By: Carmen Willings
Section 504 of the Rehabilitation Act of 1973, is also called the "Civil Rights Law for the Disabled." The law states the "No otherwise qualified individual with handicaps in the United States...shall, solely by reason of his or her handicap, be excluded from the participation in, be denied the benefits of, or be subjected to discrimination under any program or activity receiving Federal financial assistance..."
In simple terms, Section 504 is an anti-discrimination, civil rights statute that requires students with disabilities to be met as adequately as the needs of students without disabilities. The school district does not need to have a separate evaluation process for Section 504 than what is conducted for I.D.E.A, but they must follow the requirements for evaluation specified in the Section 504 regulations. There is no eligibility criteria for funding, nor is there an assignment of a classification in Section 504. The team must answer the following questions:
Who is considered to have disability?
As defined by federal law, "An individual with a disability means any person who: (i) has a mental or physical impairment that substantially limits one or more major life activity, (ii) has a record of such an impairment, or (iii) is regarded as having such an impairment."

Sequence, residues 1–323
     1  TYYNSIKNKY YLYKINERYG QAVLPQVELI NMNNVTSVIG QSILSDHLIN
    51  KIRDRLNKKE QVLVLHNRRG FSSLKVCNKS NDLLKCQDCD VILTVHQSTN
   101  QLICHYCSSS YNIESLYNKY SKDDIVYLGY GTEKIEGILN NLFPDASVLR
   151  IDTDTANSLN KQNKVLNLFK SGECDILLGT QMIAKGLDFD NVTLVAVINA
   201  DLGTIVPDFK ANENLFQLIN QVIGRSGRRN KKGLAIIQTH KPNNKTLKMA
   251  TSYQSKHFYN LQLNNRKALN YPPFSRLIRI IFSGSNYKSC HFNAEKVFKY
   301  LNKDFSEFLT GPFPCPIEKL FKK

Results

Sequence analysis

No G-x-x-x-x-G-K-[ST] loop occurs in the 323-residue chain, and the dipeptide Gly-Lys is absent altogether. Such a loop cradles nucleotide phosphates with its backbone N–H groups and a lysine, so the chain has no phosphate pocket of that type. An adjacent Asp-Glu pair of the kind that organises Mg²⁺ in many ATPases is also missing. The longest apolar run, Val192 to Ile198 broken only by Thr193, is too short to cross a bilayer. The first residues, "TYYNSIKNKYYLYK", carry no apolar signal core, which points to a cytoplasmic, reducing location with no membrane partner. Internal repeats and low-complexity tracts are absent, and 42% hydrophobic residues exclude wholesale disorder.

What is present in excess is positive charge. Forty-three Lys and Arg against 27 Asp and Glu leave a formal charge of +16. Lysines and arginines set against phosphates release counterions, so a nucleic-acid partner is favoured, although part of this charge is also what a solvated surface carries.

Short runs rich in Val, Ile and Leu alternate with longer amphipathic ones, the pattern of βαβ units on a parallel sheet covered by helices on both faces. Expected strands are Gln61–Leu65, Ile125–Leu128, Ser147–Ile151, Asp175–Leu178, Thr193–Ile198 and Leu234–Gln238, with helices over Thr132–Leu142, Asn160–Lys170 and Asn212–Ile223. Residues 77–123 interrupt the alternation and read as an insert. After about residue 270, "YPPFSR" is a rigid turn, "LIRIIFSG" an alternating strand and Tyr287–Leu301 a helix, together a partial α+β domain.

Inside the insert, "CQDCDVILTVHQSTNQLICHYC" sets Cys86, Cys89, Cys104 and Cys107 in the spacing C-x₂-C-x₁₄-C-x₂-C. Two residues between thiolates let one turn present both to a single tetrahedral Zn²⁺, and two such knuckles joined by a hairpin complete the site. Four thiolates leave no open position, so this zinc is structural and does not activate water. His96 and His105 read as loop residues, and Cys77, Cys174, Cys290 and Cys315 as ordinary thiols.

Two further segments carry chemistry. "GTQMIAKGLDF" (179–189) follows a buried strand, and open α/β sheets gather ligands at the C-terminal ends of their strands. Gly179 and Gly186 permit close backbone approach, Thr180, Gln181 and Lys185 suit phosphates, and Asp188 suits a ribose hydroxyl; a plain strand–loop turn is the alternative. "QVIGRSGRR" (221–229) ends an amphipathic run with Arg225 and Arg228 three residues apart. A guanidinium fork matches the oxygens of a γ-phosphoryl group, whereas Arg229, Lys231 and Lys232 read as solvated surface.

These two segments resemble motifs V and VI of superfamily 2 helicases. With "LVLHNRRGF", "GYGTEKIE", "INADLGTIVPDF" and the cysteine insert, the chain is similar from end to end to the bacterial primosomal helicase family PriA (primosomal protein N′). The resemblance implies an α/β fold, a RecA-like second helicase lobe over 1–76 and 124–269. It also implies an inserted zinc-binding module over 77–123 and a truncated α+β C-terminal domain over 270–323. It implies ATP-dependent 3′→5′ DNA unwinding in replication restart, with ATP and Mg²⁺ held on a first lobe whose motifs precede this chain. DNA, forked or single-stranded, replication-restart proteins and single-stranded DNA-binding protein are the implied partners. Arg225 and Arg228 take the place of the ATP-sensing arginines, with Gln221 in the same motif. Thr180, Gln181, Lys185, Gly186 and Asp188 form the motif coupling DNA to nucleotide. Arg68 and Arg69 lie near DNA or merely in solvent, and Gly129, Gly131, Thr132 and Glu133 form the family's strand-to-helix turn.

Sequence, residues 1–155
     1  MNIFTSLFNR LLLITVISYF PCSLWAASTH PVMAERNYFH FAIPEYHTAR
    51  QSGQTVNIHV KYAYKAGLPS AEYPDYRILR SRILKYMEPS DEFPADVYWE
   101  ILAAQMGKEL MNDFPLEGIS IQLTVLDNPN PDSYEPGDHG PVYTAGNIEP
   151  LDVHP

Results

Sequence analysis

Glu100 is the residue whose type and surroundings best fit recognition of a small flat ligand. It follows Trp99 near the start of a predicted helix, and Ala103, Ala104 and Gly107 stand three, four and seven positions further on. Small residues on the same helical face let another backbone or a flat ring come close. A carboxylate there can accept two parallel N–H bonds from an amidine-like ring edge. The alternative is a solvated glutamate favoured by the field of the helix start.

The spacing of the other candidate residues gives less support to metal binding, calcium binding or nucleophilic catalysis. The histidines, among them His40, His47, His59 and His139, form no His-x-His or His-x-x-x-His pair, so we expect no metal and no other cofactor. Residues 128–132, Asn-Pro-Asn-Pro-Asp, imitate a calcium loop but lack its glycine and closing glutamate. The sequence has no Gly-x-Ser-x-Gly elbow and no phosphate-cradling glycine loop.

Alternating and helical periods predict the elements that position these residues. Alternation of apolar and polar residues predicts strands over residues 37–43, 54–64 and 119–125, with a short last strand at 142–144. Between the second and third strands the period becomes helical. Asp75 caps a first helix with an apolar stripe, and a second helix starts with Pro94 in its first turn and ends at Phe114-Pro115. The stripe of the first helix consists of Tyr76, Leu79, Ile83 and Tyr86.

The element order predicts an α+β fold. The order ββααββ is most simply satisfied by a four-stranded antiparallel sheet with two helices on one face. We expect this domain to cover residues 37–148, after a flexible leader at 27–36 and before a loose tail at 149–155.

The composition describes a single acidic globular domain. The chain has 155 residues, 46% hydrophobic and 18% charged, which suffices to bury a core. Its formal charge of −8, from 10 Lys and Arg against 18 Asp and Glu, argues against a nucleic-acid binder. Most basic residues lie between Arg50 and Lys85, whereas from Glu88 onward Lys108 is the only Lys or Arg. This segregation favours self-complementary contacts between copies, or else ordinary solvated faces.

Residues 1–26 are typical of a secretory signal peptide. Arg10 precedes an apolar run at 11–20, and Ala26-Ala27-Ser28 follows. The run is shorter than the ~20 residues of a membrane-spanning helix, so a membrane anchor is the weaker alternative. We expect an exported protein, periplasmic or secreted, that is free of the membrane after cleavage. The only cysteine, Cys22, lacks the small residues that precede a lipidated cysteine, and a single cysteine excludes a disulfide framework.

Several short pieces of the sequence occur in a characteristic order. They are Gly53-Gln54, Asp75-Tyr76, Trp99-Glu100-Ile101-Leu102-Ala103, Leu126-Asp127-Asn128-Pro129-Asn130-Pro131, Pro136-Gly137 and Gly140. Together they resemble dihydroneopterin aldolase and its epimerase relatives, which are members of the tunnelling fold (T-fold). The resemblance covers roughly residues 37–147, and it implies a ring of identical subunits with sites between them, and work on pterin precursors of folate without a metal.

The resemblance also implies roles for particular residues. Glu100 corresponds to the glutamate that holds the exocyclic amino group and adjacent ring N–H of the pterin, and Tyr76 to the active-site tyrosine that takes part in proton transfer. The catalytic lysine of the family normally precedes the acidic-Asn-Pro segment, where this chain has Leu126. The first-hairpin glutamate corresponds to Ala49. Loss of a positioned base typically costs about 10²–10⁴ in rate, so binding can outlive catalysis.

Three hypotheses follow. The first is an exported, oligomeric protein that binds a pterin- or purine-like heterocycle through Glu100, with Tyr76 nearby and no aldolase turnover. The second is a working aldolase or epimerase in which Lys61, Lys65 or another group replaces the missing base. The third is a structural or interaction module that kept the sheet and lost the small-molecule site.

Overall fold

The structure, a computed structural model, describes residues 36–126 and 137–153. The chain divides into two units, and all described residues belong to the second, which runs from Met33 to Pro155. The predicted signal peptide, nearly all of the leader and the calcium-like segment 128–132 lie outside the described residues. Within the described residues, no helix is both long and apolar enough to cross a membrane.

According to Section 504, an impairment is any disability, long-term illness, or various disorder that "substantially" reduces or lessens a student's ability to access learning in the educational setting because of a learning, behavior or health related condition.
What are "substantial limitations?
This term is not defined in the act or the regulations and is left to each agency to define. The Americans with Disabilities Act does suggest that the term "ubstantially limits" should be interpreted to mean that the student is "unable to perform a major life activity that the average student of approximately the same age can perform, or that the student is significantly restricted as to the condition, manner or duration under which a particular major life activity is performed as compared to the average student of approximately the same age."
Each student's needs are determined individually. Appropriate accommodations should be determined based on the nature of the disabling condition and what the student needs in order to have an equal opportunity to compete when compared to a student without disabilities. The goal is to provide students the knowledge and compensating skills they will need to be able to function in life after graduation.
Possible accommodations the student may need include, but are not limited to:
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